Admittedly, the scene in Budapest is divided. There are places where the majority of girls are wearing shoes in which I could not take two steps without breaking my ankle under normal conditions, even less could I survive with them on Budapest’s mix of cobblestone streets and uneven concrete pavements. But there are places with old, broken furniture that might tear your pretty dress and will definitely rip your silk tights apart, with dirty walls and sometimes without a roof, which forces you to wear a coat inside half of the year, anyway — Budapest’s famous ruin bars. Places where it is not a rebellious act to get drunk in comfortable clothes and sneakers, with uncombed hair and your natural skin tone. And, I tell you, the girls there are much sexier than any cheap Paris Hilton copy ever could be!

6. Being ashamed of listening to traditional folk music.

Even though listening to traditional music in Bavaria is becoming more and more acceptable among the young generation for certain occasions (usually involving large amounts of beer), it is in general quite frowned upon. If you go to a club or bar, you’ll hear the same English mainstream rubbish — hits, I mean — like you would hear in a dozen other countries.

While you will find these establishments in Budapest as well, they are actually outnumbered by the places that play at least once or twice a week traditional music, be it live or from tape, be it Hungarian, Serbian, or Polish. Also folk music themes are incorporated by local bands in heavy metal, rock and pop music, with some pretty impressive results. You just can’t escape Hungary and Eastern Europe’s musical heritage while you are in Budapest. Trust me when I say that no matter how deep your passion for R’n’B may run, it will not make for such a wild party like spinning the whole night to Balkan beats!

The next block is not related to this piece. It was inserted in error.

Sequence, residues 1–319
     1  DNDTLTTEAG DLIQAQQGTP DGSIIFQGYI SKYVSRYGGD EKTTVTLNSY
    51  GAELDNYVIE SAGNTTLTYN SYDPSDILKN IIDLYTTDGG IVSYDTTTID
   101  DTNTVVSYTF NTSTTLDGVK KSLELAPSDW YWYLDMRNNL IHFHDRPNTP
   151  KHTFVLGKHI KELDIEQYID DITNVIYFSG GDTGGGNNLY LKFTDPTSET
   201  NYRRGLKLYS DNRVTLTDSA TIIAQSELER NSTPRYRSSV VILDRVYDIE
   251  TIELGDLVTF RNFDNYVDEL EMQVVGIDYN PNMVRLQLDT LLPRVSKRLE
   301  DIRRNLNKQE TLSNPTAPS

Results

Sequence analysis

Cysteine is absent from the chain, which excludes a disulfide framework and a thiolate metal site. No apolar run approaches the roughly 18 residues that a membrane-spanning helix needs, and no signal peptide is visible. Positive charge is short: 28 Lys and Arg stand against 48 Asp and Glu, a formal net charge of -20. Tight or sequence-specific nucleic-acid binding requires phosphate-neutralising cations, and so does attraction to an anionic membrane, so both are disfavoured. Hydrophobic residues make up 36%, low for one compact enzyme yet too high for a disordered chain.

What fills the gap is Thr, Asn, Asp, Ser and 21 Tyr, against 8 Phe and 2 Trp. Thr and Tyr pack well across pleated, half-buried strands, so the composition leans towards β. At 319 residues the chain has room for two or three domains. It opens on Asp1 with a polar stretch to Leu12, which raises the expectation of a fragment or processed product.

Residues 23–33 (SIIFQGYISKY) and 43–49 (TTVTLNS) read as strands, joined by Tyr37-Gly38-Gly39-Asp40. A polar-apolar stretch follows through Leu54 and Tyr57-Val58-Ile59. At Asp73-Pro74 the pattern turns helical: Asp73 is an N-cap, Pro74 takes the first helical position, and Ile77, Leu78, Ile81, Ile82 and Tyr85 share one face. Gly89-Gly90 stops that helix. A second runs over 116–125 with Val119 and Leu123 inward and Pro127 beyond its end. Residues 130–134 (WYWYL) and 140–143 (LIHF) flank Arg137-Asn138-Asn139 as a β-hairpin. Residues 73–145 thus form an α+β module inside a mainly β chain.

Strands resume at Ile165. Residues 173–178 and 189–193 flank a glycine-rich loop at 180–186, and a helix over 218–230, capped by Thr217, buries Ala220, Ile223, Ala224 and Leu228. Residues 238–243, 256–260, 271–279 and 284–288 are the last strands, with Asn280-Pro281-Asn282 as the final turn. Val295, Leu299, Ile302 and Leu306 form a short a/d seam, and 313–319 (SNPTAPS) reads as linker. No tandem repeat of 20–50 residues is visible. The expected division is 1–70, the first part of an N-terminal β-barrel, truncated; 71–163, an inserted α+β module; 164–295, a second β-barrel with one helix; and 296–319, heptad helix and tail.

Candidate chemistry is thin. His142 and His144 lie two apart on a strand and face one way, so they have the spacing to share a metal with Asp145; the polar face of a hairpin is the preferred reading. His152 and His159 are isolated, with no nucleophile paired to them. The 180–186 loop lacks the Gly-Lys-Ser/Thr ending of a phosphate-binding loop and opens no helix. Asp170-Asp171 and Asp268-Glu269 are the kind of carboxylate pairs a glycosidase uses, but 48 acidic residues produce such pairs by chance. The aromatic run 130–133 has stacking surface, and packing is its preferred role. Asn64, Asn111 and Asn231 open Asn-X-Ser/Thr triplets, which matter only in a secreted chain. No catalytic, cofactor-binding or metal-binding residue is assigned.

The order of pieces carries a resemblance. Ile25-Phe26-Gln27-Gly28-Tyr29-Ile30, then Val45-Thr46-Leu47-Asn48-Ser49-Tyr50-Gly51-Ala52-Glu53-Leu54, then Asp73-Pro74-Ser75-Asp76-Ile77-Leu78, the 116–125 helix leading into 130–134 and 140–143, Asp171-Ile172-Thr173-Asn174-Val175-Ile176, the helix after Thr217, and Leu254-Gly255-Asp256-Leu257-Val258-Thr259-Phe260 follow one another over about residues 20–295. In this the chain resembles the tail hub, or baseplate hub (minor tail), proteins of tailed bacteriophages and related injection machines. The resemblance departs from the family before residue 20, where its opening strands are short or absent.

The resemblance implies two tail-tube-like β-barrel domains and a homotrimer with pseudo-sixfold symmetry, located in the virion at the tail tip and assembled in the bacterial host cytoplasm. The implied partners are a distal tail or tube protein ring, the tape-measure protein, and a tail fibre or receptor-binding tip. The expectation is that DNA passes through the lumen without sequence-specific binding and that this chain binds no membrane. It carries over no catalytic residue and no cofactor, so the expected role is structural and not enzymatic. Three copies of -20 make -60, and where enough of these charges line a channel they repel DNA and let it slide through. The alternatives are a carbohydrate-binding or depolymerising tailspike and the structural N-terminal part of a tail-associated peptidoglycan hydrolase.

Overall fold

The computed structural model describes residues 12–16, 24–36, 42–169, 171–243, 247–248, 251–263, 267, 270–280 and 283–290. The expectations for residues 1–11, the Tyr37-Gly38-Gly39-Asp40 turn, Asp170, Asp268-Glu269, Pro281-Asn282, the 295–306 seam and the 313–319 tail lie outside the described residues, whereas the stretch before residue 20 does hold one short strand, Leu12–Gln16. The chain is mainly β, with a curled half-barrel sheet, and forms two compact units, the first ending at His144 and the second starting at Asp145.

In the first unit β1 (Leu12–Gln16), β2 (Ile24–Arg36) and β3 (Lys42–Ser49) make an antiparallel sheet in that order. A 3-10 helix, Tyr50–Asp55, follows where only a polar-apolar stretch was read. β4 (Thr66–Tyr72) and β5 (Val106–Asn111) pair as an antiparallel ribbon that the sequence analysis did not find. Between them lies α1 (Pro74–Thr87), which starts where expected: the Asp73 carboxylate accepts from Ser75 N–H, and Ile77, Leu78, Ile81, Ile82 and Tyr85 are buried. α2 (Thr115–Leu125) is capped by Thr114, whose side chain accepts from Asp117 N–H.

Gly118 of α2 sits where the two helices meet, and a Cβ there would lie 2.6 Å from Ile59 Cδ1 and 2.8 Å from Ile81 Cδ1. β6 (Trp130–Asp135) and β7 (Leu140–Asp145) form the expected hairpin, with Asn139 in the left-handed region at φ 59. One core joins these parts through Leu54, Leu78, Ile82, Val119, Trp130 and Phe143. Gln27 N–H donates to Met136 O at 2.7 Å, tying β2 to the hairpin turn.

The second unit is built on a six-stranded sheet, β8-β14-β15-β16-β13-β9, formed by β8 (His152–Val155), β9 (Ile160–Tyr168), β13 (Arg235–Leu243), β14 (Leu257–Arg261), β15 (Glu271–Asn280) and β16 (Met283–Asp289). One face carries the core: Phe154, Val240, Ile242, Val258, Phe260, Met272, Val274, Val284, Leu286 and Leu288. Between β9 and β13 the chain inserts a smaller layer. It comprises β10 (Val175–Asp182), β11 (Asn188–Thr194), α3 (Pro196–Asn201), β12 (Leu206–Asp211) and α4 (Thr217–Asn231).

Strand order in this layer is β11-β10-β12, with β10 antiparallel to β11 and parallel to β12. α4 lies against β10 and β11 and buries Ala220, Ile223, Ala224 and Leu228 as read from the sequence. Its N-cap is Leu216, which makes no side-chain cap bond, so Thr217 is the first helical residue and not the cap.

7. Asking about someone’s profession right away.

One of the first things that comes up in German small talk is a person’s profession, as many Germans define themselves and their value through their jobs. But Hungarians and people who come to Budapest work for a living and don’t live for working.

If you waste your time asking for a person’s profession and while having the usual “Aha. Well, that’s interesting, but actually I don’t really care”-talk, then you might miss out on the most amazing, sad, funny and touching stories. You will never know how the little 9-year-old boy felt while he was watching his hometown Belgrade being bombed by the Nato. You will never know how Hungarian parents secretly smuggled their children across the border during the communist era to make sure that they would grow up under better conditions. And you will never know how the girl whose parents live in a city that just got annexed by Russia feels. I never ask for the profession anymore. I ask for people’s stories.